When I was a kid, there was a soap on Irish television every Sunday night. Glenroe, was set in the Wicklow mountains and had massive viewership all through the 80s and 90s, but my only real memory was the theme tune.
When the jaunty pipes and slide-show of Irish farmland came on, my body went into shock.
For you it might have been the theme to Sounds of Praise, or the Simpsons, or even listening to the top 40 on Radio 1, but we’ve all gone through the Sunday Scaries – in fact two-thirds of workers in the UK have some form of Sunday anxiety!
Thirty years later, and I still get the Sunday Scaries. But it’s not that I’ve forgotten an English essay that needs to be handed in on Monday morning, it’s a signal that something is not quite right.
“…that kind of depression which afflicts people who become aware of the lack of content in their lives when the rush of the busy week is over and the void within themselves becomes manifest.”
Victor Frankl, Man’s Search for Meaning
Is the work you’re doing meaningful and does it create value?
Do the people you work with raise you up and make you a better person?
Are you trying to do difficult things that will make the world a better place?
If you’re feeling the Sunday Scaries and the answer to these questions is, “no”, then your body is trying to tell you something – Find meaning in your work life or find a work life that gives you meaning.
It’s hard out there. Really hard. We’ve just been through a pandemic, lockdowns, Brexit, wars across the world, and now a cost of living crisis that most of us haven’t seen since the 1980s. How do we trust that the world is a good place in the face of all this?
This week is Empathy Week and I truly believe that empathy is a super-power. Empathy is not some touchy-feely HR concept that means we all need to go do trust falls. Empathy is the core of what makes us human and without it we are nothing.
How can you deliver your best work without understanding what your colleagues need to deliver theirs?
How can your team work effectively without trusting each other and you?
How can your organisation deliver great value without understanding the pain your customers go through?
“Be curious, not judgemental” – When someone expresses a different point of view, ask questions. Try to understand before trying to fix. Bracket your own thoughts until you’ve put yourself in their shoes.
Remember that a person’s lived experience is real to them – Don’t dismiss what someone is saying out of hand, but instead understand what they experience is real to them even if you don’t feel it.
Read fiction – We love reading about the next big technology, process, or management fad, but reading fiction is an immense machine for generating empathy. Read books by people who don’t look like you. People who don’t come from the same background as you. People who don’t have the same viewpoint as you. Learn about the lived experience of others.
None of us is an island and none of us can be truly great without the help of our communities.
A little over five years ago I had a crazy notion – I was going to study psychology part time. After several months of feeling completely burned out at work without any idea why I got into computers in the first place it was time to look for something more interesting to do. Thankfully the burnout left along with the job but I kept the idea.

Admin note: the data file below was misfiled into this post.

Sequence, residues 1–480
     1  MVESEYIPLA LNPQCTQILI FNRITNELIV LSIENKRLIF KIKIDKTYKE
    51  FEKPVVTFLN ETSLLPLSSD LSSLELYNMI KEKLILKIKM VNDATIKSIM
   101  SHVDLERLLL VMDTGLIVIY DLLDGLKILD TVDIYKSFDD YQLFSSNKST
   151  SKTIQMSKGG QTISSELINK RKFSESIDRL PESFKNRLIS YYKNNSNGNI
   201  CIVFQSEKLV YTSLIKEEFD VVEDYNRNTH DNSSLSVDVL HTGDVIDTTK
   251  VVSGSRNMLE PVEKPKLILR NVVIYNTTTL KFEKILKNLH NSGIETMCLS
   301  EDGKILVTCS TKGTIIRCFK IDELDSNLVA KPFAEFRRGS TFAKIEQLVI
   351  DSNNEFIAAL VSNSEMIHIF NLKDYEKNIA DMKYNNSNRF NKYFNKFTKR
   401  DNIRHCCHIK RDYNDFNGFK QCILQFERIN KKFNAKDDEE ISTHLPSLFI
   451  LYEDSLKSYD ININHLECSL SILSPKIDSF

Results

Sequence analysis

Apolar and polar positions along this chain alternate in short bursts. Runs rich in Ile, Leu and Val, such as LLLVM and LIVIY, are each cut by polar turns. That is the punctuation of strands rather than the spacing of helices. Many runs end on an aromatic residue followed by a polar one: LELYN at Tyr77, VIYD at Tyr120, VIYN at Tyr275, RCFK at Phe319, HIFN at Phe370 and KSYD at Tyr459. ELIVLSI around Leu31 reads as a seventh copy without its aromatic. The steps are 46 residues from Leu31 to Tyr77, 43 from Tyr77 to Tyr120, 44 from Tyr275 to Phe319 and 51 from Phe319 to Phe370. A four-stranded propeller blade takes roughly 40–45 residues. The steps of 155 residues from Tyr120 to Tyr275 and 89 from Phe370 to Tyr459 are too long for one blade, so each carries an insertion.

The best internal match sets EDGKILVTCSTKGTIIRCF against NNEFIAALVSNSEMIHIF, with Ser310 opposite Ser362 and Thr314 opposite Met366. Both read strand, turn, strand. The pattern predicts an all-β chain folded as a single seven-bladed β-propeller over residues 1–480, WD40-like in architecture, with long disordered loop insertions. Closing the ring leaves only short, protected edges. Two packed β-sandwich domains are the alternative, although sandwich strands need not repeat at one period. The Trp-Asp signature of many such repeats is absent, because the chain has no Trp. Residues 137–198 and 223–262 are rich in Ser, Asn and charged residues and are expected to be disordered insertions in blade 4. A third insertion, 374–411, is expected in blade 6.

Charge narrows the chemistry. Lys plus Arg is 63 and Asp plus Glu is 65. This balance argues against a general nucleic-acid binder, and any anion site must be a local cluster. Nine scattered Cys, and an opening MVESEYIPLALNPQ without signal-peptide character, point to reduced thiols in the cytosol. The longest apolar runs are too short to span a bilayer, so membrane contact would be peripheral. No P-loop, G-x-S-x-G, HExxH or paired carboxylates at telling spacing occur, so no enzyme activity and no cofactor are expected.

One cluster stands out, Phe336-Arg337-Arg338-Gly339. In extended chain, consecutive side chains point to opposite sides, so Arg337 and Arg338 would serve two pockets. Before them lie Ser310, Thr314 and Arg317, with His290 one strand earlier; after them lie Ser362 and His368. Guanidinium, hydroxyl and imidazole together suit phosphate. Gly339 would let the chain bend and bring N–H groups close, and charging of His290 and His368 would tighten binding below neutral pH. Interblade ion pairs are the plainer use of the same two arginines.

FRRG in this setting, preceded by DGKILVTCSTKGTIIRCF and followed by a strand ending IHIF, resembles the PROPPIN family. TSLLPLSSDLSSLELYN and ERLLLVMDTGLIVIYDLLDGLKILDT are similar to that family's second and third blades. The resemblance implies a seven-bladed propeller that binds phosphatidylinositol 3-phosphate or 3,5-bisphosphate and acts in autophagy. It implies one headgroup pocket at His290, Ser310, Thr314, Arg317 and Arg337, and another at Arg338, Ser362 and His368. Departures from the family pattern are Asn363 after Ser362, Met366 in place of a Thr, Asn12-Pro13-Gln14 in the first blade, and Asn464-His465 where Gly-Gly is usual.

I was told I was crazy, told I’d never see it through, told that The Open University is actually just a society of house-bound, stressed-out recluses who can’t deal with the real world. In reality, it was hard work, but the OU has over forty years of experience in making higher and further education available and accessible to those who can’t afford traditional university (pretty much everyone now thanks to the Thatcher Con-Dem government).
All degrees are taught using a modular system, where each course counts for a number of experience points and when you gain enough you get to level up you’re awarded a degree. Imagining I was playing a very painful and boring Role Playing Game was enough to struggle through and be awarded a Postgraduate Diploma in Psychology for Christmas.
So that it, right? School’s out, no more teachers? Turns out all a Diploma means is that you can read a textbook and join the BPS, so I’ve signed up for an MSc this April. The race is on the see if I can get a PhD before I reach retirement age.
Alter Ego was a video game released by Activision in 1986. The brainchild of psychologist Dr. John Favero it allowed players to play out an entire lifetime as if it were a Choose Your Own Adventure novel by playing out events based on hundreds of interviews conducted with people about their lives.
For the past couple of years, I’ve been leaving these to the last minute, which has ended up with me writing all night before it needs to be in and trying to buy time travel delivery from the local Post Office.
This year, however, I’m trying to be grown up so I’ve decided to get cracking a week and a half early. I’ve used Mind Maps before when taking notes so tried this
open source application. I’ve managed to create my entire outline in the time it’s taken the boss to have a bath. Maybe I won’t be sneaking envelopes through my tutor’s door this year.
In a Grumpy Old Man moment, I previously remarked the young people today seem to have too much self-esteem which leads to an inflated sense of entitlement and general rudeness. While I had nothing to back up my opinion it turns out that my rant was at least close to the truth.
An extensive study of 16,475 college students from the United States has revealed narcissism has risen steadily among that population since 1982 due to the last couple of decades’ obsession with promoting self-esteem.